Increasing lab efficiency using NMR technology.
Recent advances in analytical technologies such as mass spectrometry and nuclear magnetic resonance (NMR) have not only made lab testing faster, but have significantly enhanced the accuracy and depth of information provided to physicians.
Although adoption of mass spectrometry was slow when it was first introduced, it has rapidly gained momentum in the clinical laboratory, particularly as a replacement for immunoassay testing in toxicology, endocrinology, therapeutic drug monitoring, and other areas. Indeed, mass spectrometry has become standard-of-care in numerous labs across the country. Rather than running dozens of single immunoassays, medical laboratory scientists can now use mass spectrometry methods to deliver more information to physicians in a shorter period of time.
Similarly, NMR technology is emerging as a standard of care in management of cardiovascular and metabolic diseases. NMR is particularly well suited for low-density lipoprotein particle (LDL-P) testing, a modality that has already demonstrated improved efficiencies and outcomes in cardiovascular risk management. Many labs and physicians have come to prefer NMR over traditional labor-intensive and time-consuming lipoprotein quantification methods such as chemical, electrophoretic, and density-gradient separation. Recent advances in NMR technology have reduced the analytical process to two steps, signal acquisition and analysis, which have significantly shortened the time to obtain an accurate quantitative result. (1), (2)
NMR technology has helped researchers accumulate a wealth of knowledge about lipoprotein metabolism and underlying lipoprotein disorders in patients with cardiovascular disease, diabetes, and prediabetes. (2) The clinical utility of LDL-P as measured by NMR has been validated in analyses of data from outcomes studies including the Multi-Ethnic Study of Atherosclerosis (MESA) and the Framing-ham Offspring study. (2), (3) In these hallmark studies, LDL-P has been shown to be more closely associated with cardiovascular events than LDL cholesterol (LDL-C) levels. Using LDL-P levels as a guide, clinicians can personalize disease management by devising treatment strategies tailored to individual patients' risk profiles.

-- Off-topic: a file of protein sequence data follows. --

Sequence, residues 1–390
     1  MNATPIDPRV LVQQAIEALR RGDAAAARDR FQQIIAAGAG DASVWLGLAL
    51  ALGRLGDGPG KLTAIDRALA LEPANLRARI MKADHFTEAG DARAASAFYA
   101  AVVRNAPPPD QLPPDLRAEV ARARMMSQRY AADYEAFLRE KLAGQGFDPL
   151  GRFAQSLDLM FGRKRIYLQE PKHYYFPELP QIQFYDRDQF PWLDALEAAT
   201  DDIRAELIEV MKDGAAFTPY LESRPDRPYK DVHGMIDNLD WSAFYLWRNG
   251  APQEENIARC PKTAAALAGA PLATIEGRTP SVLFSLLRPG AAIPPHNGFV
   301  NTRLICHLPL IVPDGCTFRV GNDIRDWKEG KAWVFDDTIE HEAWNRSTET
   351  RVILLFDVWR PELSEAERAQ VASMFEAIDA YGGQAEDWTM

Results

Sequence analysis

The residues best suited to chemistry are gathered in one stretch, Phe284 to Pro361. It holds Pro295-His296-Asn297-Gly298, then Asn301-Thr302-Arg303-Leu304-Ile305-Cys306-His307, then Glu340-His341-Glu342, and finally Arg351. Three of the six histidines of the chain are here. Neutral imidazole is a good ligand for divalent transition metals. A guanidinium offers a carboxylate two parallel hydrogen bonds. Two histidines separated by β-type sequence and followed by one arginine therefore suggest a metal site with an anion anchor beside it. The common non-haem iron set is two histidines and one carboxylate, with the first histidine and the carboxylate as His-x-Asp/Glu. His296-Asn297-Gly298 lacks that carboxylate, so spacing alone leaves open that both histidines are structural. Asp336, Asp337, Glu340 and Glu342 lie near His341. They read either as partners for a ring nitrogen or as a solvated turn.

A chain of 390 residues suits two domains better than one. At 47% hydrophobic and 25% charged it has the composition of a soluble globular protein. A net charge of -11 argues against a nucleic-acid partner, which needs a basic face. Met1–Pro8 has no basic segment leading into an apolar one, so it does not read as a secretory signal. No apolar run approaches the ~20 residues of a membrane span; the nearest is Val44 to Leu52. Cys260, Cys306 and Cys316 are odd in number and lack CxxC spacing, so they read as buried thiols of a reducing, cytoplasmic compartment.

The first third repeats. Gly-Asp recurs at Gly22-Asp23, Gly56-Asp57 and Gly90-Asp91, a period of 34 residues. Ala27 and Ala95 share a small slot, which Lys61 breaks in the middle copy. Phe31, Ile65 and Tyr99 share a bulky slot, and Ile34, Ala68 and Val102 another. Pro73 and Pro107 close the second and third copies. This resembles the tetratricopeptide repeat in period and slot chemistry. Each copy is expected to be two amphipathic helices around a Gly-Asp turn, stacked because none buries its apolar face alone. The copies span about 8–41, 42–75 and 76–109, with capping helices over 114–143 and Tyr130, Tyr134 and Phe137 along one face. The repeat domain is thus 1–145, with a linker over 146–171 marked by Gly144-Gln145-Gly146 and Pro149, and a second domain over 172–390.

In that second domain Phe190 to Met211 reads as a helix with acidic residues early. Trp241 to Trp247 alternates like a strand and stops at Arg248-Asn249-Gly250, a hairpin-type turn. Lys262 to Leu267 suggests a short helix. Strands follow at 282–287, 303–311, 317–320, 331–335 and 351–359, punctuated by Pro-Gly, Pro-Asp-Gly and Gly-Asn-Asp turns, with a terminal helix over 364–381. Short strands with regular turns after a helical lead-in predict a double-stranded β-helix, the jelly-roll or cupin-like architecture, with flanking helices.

The NMR technology armamentarium was recently augmented by the introduction of an automated clinical analyzer that combines proprietary signal processing algorithms with NMR spectroscopic detection to identify and quantify lipoprotein fractions and subtractions and potentially other small-molecule metabolites. (1), (4) Using this new platform, a blood sample can be analyzed to obtain detailed information about the physical, chemical, and magnetic properties of molecules. NMR detectors, or spectrometers, analyze the plasma or serum component of blood by subjecting it to a short pulse of radio frequency energy within a strong magnetic field. Each lipoprotein panicle within a given diameter range simultaneously emits a distinctive radio frequency signal, similar to resonant sounds for bells of different sizes. Using proprietary software customized for use with NMR technology, the amplitude or "volume" of the NMR signal is directly proportional to the concentration of the particle subclass of lipoprotein particles emitting the signal. (5)
The more sophisticated analysis provided by this technology enables the quantifying of multiple subclasses of lipoprotein particles within minutes instead of days, making lipoprotein analysis by NMR efficient, accurate and affordable. (3), (5) Moreover, clinical analyzers that support next-generation technologies such as NMR have the potential to be an effective and efficient platform for metabolite-based clinical diagnostics.
Laboratories that provide clinically relevant, high-value assays to address a broad range of cardiovascular, metabolic, and other diseases may find they have a competitive edge in the lab services market. For labs considering the proverbial "more for less" approach to diagnostic services, adoption of new technologies such as NMR may be profitable. The adoption decision must take into account the costs of assay/platform conversion and staffing, as well as determining whether implementation of the technology is revenue-generating. One thing is certain: as demand grows for personalized diagnostics, laboratories will need to view technology as an ally in streamlining operations and gaining efficiencies, rather than as an instrument of risk.
(1). Otvos JD, Jeyarajah EJ, Cromwell WC. Measurement issues related to lipoprotein heterogeneity. Am J Cardiol. 2002;90(suppl):22i-29i.
(2). DeGoma EM, Knowles JW, Angeli F, Budoff MJ, Rader DJ. The evolution and refinement of traditional risk factors for cardiovascular disease. Cardiol Rev. 2012;20:118-129.
(3). Jeyarajah EJ, Cromwell WC, Otvos JD. Lipoprotein particle analysis by nuclear magnetic resonance spectroscopy. Clin Lab Medicine. 2006;26:847-870.
(4.) Grundy SM, Cleeman JI, Merz CN, et al. Implications of recent clinical trials for the National Cholesterol Education Program Adult Treatment Panel III Guidelines. Circulation. 2004;110:227-239.
(5). Otvos JD, Mora S, Shalaurova I, et al. Clinical implications of discordance between low-density lipoprotein cholesterol and particle number. Clin Lipidol. 2011;5(2):105-113.
By Deanna Franke, PhD, MT(ASCP), DABCC
Deanna Franke, PhD, MT(ASCP), DABCC, is the Clinical Laboratory Director at LipoScience, Inc., a company dedicated to personalized diagnostics based on nuclear magnetic resonance (NMR) technology. LipoScience offers the NMR LipoProfile[R]test and the Vantera[R] Clinical Analyzer.
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|Title Annotation:||Management Q&A; nuclear magnetic resonance|
|Publication:||Medical Laboratory Observer|
|Date:||Nov 1, 2013|
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